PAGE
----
Sunday, August 16, 2015

Milkweed Bugs

We had a colony of Large Milkweed Bugs covering a small cluster of milkweed.  They are not a serious threat to the plants in general but this plant was being saved as a source for seeds.  I received permission from my editor to study them for several days before they were removed.

As you might guess by the name, Large Milkweed Bug, Oncopeltus fasciatus, there is also a Small Milkweed Bug which we observed in upstate New York recently.  Both have the bright orange aposematic coloration warning that says "I am full of milkweed toxin- consume at your own risk."

Small Milkweed Bug
Large Milkweed Bug

All five instars of nymphs clustered together
"The milkweed bug undergoes incomplete metamorphosis. The nymphs look like adults but do not have full wings and their color pattern is different. They have five instars before they reach adulthood. Black wing pads appear early in their development. Eggs are a light lemon yellow changing to a reddish color. Incubation period is about four to five days. Each molt lasts five to six days. An adult will live for about one month. The insect overwinters as an adult."

Milkweed bugs suck the liquid from the plants using their long proboscis which extends down along the abdomen.  The toxic chemical they ingest from milkweed is transmitted into the eggs. They are extremely productive, laying 30 eggs a day and up to 2,000 in their lifetime.  This trait makes them ideal subjects for insect laboratory research because they also have a short life cycle and are easy to manipulate.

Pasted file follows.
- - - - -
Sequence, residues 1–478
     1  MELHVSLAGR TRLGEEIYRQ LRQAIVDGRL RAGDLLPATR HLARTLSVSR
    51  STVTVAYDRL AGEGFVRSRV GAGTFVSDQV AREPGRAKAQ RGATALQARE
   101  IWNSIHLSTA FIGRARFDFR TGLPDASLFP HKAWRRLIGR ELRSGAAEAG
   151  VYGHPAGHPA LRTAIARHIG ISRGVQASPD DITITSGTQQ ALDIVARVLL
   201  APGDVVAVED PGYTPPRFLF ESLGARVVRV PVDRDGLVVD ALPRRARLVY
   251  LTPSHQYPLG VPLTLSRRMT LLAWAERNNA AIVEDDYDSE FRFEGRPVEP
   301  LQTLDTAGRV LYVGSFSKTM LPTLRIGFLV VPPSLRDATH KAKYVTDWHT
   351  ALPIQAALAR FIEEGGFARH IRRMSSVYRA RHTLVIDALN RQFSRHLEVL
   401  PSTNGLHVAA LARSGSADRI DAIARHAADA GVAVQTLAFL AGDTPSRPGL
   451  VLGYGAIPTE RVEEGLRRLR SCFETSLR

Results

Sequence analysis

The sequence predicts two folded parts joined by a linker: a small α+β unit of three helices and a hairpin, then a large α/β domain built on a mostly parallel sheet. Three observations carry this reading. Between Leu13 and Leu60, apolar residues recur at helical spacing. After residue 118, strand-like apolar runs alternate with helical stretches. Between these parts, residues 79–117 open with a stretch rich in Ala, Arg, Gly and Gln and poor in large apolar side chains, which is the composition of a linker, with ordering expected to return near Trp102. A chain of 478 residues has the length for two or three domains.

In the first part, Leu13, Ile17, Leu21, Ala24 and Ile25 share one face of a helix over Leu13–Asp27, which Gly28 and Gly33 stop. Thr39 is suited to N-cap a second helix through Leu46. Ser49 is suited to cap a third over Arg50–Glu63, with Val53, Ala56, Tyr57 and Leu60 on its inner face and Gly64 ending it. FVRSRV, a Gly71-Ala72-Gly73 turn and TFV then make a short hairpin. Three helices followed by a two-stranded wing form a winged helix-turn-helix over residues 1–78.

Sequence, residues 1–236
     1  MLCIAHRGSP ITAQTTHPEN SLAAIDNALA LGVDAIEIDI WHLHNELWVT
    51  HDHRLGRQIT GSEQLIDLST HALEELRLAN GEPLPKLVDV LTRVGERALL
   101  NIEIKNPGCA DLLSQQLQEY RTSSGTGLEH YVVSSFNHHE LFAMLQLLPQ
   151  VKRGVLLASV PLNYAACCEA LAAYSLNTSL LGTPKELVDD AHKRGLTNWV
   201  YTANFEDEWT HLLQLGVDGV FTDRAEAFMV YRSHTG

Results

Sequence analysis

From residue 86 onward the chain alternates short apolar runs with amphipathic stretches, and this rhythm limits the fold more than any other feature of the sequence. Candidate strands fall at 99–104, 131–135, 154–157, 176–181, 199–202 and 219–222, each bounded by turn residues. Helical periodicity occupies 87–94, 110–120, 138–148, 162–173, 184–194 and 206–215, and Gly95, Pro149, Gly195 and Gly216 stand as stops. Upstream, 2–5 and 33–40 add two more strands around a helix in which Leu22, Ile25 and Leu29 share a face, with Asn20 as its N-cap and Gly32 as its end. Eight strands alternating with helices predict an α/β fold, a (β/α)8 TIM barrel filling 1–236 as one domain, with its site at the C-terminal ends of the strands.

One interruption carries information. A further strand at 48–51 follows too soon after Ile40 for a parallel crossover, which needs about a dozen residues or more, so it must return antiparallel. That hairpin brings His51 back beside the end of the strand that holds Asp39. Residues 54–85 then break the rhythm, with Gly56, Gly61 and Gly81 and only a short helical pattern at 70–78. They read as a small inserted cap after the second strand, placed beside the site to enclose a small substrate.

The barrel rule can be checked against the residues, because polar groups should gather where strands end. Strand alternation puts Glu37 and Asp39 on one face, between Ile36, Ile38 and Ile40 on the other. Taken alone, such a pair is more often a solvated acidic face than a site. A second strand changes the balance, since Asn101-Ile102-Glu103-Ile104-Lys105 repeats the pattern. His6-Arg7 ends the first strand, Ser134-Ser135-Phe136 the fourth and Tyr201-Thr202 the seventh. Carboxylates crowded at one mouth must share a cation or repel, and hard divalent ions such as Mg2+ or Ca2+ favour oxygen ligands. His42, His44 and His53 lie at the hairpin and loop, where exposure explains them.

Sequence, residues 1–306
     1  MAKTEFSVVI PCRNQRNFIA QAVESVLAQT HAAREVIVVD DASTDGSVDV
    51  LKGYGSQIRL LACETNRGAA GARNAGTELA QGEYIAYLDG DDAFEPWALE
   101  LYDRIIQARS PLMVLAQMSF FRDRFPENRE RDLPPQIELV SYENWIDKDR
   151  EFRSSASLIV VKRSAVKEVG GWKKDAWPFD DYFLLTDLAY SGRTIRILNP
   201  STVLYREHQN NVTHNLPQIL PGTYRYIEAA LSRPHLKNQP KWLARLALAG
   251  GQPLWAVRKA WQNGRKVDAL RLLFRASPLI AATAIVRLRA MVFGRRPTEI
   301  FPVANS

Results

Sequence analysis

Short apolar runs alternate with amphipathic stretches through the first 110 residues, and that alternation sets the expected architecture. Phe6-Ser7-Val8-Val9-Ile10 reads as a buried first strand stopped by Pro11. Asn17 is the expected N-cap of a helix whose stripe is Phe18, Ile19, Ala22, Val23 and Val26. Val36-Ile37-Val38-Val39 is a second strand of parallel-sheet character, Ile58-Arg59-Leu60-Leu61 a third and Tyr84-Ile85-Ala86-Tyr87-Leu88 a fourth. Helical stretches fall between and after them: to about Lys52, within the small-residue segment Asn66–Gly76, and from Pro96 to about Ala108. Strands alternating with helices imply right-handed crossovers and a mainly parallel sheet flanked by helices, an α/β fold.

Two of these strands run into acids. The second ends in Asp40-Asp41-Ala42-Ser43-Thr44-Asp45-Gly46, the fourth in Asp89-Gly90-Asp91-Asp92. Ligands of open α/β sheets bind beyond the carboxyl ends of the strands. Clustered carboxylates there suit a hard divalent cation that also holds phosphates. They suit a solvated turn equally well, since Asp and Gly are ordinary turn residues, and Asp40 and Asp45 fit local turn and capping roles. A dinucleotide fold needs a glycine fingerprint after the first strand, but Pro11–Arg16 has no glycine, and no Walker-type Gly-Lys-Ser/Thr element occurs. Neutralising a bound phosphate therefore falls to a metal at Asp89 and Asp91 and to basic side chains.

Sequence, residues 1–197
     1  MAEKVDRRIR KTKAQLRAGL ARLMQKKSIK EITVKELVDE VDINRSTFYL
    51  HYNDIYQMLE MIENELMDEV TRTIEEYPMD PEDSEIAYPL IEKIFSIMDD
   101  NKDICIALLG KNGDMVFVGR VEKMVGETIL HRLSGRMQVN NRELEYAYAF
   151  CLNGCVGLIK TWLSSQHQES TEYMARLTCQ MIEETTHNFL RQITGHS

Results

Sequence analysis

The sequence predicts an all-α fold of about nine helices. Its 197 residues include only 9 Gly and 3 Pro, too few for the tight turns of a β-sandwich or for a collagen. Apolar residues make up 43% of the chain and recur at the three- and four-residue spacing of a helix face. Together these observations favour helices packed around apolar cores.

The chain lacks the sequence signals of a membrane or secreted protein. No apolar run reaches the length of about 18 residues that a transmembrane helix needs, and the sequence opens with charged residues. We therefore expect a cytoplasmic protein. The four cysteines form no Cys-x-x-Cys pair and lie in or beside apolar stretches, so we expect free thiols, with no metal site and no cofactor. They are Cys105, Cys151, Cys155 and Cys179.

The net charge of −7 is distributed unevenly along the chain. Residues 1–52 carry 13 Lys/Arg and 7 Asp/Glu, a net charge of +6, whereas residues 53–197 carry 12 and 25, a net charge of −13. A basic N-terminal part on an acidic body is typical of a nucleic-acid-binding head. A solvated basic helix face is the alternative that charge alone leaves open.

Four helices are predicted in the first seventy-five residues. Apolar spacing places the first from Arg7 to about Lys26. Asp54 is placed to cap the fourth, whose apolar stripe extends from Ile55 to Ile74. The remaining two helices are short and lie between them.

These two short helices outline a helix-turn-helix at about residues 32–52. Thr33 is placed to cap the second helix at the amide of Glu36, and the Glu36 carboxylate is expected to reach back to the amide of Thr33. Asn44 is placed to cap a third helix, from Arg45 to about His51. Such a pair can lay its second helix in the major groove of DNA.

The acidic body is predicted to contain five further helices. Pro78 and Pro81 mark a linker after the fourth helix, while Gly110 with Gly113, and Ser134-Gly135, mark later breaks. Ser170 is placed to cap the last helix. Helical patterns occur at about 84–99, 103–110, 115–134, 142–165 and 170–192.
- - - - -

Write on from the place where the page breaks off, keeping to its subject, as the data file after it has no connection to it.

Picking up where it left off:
There are several subtle (to me) anatomical differences between the male and female.  The easiest way to tell is to compare a mating pair, because the female tends to be larger than the male. Since copulation lasts for up to 10 hours there are usually multiple pairs on a single plant. 

The large milkweed bug, Oncopeltus fasciatus, is a good species to study for an understanding of hemiptera ("true bugs").  They are said to be easy to raise with a short life span, making them the perfect "lab rat" for an entomologist or a classroom full of 5th graders.  They can be fed cracked sunflower or watermelon seeds.*  That said, I followed the directions carefully and all of mine went on a hunger strike and died.  Obviously I am not up to the 5th grade level.

* Instructions for raising milkweed bugs are available at this link.

A "must watch" video from Cornell discusses how Monarch caterpillars handle milkweed defenses. 

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